Many of Turkey’s islands have their very own charm and, in addition to their beautiful coasts, offer some other attractions for those seeking relaxation, those interested in culture, sportsmen and nature lovers. A tourist tip is the island of Bozcaada, off the northwest coast. It is small and manageable and has a beautiful harbor overlooking an old fortress. You can relax here on the hidden and beautiful beaches or with a glass of good wine in the evening, because Bozcaada is also known for its viticulture. Another quiet island is west of Bodrum: the three fork-like hills of Catalada, which is also called fork island because of these hills, catch the eye from afar. It offers a beautiful underwater world and is therefore a paradise for divers. The island of Catalada is uninhabited and is therefore particularly suitable for day trips. The Princes’ Islands near Istanbul are a popular weekend destination. Tourists and Istanbul residents alike relax here. Four of the inhabited islands offer beautiful views of Istanbul and across the sea and can only be explored on foot, horse-drawn carriage or bicycle.
- Andyeducation: Introduction to education system in Turkey, including compulsory schooling and higher education.
Whether lagoons, lonely beaches or water sports, with 8,000 kilometers of beaches on four adjacent seas, everyone will find their individual bathing pleasures in crystal-clear water. Since 1993, Turkey’s beaches have been awarded the blue flag for environmental protection and cleanliness. There are currently almost 400 beaches, for more information go to: www.blueflag.org. Some of the most beautiful beaches are the Icmeler beach in the Mamaris area, the Kalamaki beach on the North Aegean, which is surrounded by pristine nature in the Dilek National Park, or the natural Altinkum beach near Cesme, which has hardly any surf and is therefore particularly suitable for children. The most famous beach is Ölüdeniz, a lagoon beach near Fethiye. The island of Gökceada on the north-west Aegean offers lonely beaches because it is hardly developed for tourism. A picture-perfect beach is Kaputas Beach, 150 meters long and dug into the cliffs. The twelve kilometer long Patara beach on the Lycian coast is secluded because the area is under nature protection. A highlight are the bays of Phaselis. Ancient treasures lie hidden around the former war ports.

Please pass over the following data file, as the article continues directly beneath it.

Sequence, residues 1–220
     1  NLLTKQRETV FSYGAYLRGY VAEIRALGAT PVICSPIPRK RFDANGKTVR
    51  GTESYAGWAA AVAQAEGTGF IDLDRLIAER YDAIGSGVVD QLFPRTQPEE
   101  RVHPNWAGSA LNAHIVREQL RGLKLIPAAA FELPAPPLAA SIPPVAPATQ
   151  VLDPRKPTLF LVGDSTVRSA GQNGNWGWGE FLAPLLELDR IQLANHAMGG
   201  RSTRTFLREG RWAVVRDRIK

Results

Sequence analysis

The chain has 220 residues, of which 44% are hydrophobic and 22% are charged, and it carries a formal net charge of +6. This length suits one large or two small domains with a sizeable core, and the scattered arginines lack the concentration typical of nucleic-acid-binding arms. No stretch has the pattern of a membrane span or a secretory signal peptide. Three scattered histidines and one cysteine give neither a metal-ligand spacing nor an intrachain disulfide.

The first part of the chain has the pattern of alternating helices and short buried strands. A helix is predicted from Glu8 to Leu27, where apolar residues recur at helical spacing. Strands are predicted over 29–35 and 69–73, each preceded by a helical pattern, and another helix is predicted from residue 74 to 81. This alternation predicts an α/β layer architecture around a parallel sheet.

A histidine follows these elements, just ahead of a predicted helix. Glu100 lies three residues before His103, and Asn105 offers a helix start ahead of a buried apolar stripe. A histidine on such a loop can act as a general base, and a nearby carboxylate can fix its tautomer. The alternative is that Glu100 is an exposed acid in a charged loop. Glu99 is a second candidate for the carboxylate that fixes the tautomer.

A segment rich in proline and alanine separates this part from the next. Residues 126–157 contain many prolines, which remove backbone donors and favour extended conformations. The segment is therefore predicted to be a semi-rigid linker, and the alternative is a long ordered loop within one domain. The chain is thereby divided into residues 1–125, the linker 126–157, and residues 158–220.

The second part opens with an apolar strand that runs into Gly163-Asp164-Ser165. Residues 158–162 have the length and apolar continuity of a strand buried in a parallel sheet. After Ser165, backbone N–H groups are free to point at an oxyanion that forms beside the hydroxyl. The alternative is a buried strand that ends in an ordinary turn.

The city of Troy in northwestern Turkey was the scene of the most famous war between Greeks and Trojans, which Homer also told about in his poetry. In the 19th century Archaeologist Heinrich Schliemann began excavations that are still ongoing today. The excavation sites have been a UNESCO World Heritage Site since 1998. A wooden replica of the Trojan horse adorns the grounds, which are dotted with ancient ruins. You can see remains of the streets and foundations as well as jars and amphorae, parts of the Temple of Athena, the amphitheater and the city walls. During a detour to the Archaeological Museum of Canakkale you will learn interesting facts about Troy and can admire many finds.
In the heart of the Turkish region of Cappadocia, there are impressions that can overshadow any dream beach. The cave dwellings and rock formations with their underground cities in the Göreme National Park are part of the UNESCO World Cultural and Natural Heritage. Tuff mountains rise up in the sparse vegetation, into which dwellings, stables and churches were hewn from the 4th century. Today there are exceptional accommodation options in the form of hotels and guesthouses in the former dwellings. This exciting and unique landscape can be explored on foot and has many pleasant surprises in store for visitors.